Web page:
products and through amazing campaigns, largely done by
agencies like Weiden and Kennedy that created this
massive audience of runners that were all drawn to the
Nike brand.
But really, starting in about mid '90s, they started to lose
market share in running shoes.
Their competitors, like new balance and Asics were
actually probably making better products at the time,
and Nike was going to lose its core audience of runners to
these competitors.
And they were in a situation where it was almost impervious
to advertising.
There was no ad campaign that Nike could run that was going
to bring these runners back.
Runners leaving the brand just felt that Nike no longer made
product that was great, that was relevant to their lives.
And then you've got the point where Nike couldn't launch new
products and get trial because runners weren't willing to
test these new products again.
And so they found themselves in a very difficult situation.
And in 2006, R/GA and Nike partnered to create one of the
first platforms in running called Nike Plus.
Nike Plus is an example of a platform.
It's not a campaign.
It's something that was launched in
the market in 2006.
The audience for Nike Plus has grown over time to the tune of
many millions of people who use this thing every week, and
it's integrated into their life in a very meaningful way.
The latest stats on Nike Plus is that the community of Nike
Plus runners has logged over 160 million miles in the last
three years.

It's been sold all over the world.
There's runners in about 160 countries that use Nike Plus.
And the average Nike Plus user visits the website three times
per week on average to look at their stats, to track their
progress, and to see how they're doing in the various
challenges that run inside of the Nike Plus universe.
And it led to this famous quote by Trevor Edwards in the
New York Times, actually, just about two years ago where he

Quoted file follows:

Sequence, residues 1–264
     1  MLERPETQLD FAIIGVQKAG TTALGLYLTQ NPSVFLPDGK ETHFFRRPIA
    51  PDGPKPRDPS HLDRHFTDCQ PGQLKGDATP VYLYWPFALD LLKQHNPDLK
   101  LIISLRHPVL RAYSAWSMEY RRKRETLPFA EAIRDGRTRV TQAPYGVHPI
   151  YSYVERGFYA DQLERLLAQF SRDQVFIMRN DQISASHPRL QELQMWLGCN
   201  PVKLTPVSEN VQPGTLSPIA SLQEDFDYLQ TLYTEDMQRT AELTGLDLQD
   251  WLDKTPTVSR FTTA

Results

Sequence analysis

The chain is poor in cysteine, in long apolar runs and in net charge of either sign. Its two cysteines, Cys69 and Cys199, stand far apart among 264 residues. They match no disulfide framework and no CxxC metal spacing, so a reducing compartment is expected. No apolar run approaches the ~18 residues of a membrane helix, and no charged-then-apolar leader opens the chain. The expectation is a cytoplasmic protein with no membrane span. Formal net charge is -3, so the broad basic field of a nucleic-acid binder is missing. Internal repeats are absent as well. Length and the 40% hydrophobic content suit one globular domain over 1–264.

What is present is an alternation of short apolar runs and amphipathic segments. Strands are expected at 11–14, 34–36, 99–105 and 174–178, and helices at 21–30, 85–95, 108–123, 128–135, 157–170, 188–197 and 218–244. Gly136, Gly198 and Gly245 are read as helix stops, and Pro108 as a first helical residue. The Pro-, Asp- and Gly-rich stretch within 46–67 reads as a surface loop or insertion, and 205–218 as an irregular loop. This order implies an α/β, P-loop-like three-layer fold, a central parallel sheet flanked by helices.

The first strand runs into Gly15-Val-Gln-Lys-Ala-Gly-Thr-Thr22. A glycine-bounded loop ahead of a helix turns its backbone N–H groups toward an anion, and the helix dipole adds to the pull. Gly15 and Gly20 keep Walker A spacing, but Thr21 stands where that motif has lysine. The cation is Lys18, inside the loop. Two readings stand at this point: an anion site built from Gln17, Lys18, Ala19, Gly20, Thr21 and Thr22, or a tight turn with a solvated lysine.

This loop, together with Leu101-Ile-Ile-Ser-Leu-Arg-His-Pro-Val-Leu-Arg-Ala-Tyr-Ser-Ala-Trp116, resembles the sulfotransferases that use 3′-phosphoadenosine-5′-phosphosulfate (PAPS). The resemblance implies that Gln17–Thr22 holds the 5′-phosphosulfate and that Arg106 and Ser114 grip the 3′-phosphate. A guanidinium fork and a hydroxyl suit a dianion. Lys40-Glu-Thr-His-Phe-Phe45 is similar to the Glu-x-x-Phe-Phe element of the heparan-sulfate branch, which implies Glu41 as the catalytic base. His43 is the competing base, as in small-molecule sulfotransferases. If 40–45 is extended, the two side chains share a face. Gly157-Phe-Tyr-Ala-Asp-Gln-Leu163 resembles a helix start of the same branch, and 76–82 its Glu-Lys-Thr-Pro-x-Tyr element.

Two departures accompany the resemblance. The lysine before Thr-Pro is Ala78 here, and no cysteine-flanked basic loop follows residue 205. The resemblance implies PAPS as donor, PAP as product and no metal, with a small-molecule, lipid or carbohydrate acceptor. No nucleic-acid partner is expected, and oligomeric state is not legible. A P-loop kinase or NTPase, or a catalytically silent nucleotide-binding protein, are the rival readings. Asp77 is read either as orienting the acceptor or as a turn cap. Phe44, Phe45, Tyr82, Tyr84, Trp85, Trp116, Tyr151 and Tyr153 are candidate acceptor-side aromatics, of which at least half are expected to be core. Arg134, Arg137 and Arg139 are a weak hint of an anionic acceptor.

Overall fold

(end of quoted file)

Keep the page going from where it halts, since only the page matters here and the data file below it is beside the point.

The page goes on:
said, "We're not in the business of keeping the media
companies alive.
We're in the business of connecting with consumers.
People are coming into Nike Plus on average
three times a week.
So we're not having to go to them.
And that's this idea of owned media where the brand, Nike,
now owns this media destination that draws runners
in on an ongoing basis.
And in terms of the business impact of Nike Plus, in about
the first year that it was in the market, Nike's market
share in running shoes went up about 20%.
So this is a dramatic growth, obviously.
And it's something that I don't think traditional
marketing could have ever solved.
This is exactly the power of these digital platforms as
they're integrated into people's lives to really drive
the business metrics that matter to all of our clients.
So we think about platforms, we look at, instead of this
up/down curve that we saw with campaigns, there's something
that grows over time.
The audience for a platform continues to grow as more and
more people adopt it over time.
And in fact, campaigns can run on top of these platforms. And
campaigns are often the way that people discover them for
the first time.
But unlike the old scenario where the audience drops off
at the end of the campaign, if we've used a campaign to
recruit you into one of our platforms, we then have you
into perpetuity.
And it starts to look more like this sort of staircase
where every campaign brings more people into the platform